15. The Influence of Culture on Agroecosystem Structure: A Comparison of the Spatial Patterns of Homegardens of Different Ethnic Groups in Thailand and Vietnam.

    Directory of Open Access Journals (Sweden)

    Pijika Timsuksai

    Full Text Available Different ethnic groups have evolved distinctive cultural models which guide their interactions with the environment, including their agroecosystems. Although it is probable that variations in the structures of homegardens among separate ethnic groups reflect differences in the cultural models of the farmers, empirical support for this assumption is limited. In this paper the modal horizontal structural patterns of the homegardens of 8 ethnic groups in Northeast Thailand and Vietnam are described. Six of these groups (5 speaking Tai languages and 1 speaking Vietnamese live in close proximity to each other in separate villages in Northeast Thailand, and 2 of the groups (one Tai-speaking and one Vietnamese-speaking live in different parts of Vietnam. Detailed information on the horizontal structure of homegardens was collected from samples of households belonging to each group. Although each ethnic group has a somewhat distinctive modal structure, the groups cluster into 2 different types. The Tai speaking Cao Lan, Kalaeng, Lao, Nyaw, and Yoy make up Type I while both of the Vietnamese groups, along with the Tai speaking Phu Thai, belong to Type II. Type I gardens have predominantly organic shapes, indeterminate boundaries, polycentric planting patterns, and multi-species composition within planting areas. Type II homegardens have geometric shapes, sharp boundaries, lineal planting patterns, and mono-species composition of planting areas. That the homegardens of most of the Tai ethnic groups share a relatively similar horizontal structural pattern that is quite different from the pattern shared by both of the Vietnamese groups suggests that the spatial layout of homegardens is strongly influenced by their different cultural models.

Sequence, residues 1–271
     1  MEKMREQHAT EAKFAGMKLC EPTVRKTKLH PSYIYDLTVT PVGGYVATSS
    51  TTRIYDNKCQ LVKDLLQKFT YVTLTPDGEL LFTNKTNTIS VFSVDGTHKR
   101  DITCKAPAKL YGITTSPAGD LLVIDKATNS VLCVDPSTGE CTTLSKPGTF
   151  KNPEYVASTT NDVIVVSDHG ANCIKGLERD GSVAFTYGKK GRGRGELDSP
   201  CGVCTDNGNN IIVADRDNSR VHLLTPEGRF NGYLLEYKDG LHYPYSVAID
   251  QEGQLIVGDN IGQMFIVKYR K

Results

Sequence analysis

16. The Influence of Culture on Agroecosystem Structure: A Comparison of the Spatial Patterns of Homegardens of Different Ethnic Groups in Thailand and Vietnam.

    Science.gov (United States)

    Timsuksai, Pijika; Rambo, A Terry

    2016-01-01

    Different ethnic groups have evolved distinctive cultural models which guide their interactions with the environment, including their agroecosystems. Although it is probable that variations in the structures of homegardens among separate ethnic groups reflect differences in the cultural models of the farmers, empirical support for this assumption is limited. In this paper the modal horizontal structural patterns of the homegardens of 8 ethnic groups in Northeast Thailand and Vietnam are described. Six of these groups (5 speaking Tai languages and 1 speaking Vietnamese) live in close proximity to each other in separate villages in Northeast Thailand, and 2 of the groups (one Tai-speaking and one Vietnamese-speaking) live in different parts of Vietnam. Detailed information on the horizontal structure of homegardens was collected from samples of households belonging to each group. Although each ethnic group has a somewhat distinctive modal structure, the groups cluster into 2 different types. The Tai speaking Cao Lan, Kalaeng, Lao, Nyaw, and Yoy make up Type I while both of the Vietnamese groups, along with the Tai speaking Phu Thai, belong to Type II. Type I gardens have predominantly organic shapes, indeterminate boundaries, polycentric planting patterns, and multi-species composition within planting areas. Type II homegardens have geometric shapes, sharp boundaries, lineal planting patterns, and mono-species composition of planting areas. That the homegardens of most of the Tai ethnic groups share a relatively similar horizontal structural pattern that is quite different from the pattern shared by both of the Vietnamese groups suggests that the spatial layout of homegardens is strongly influenced by their different cultural models.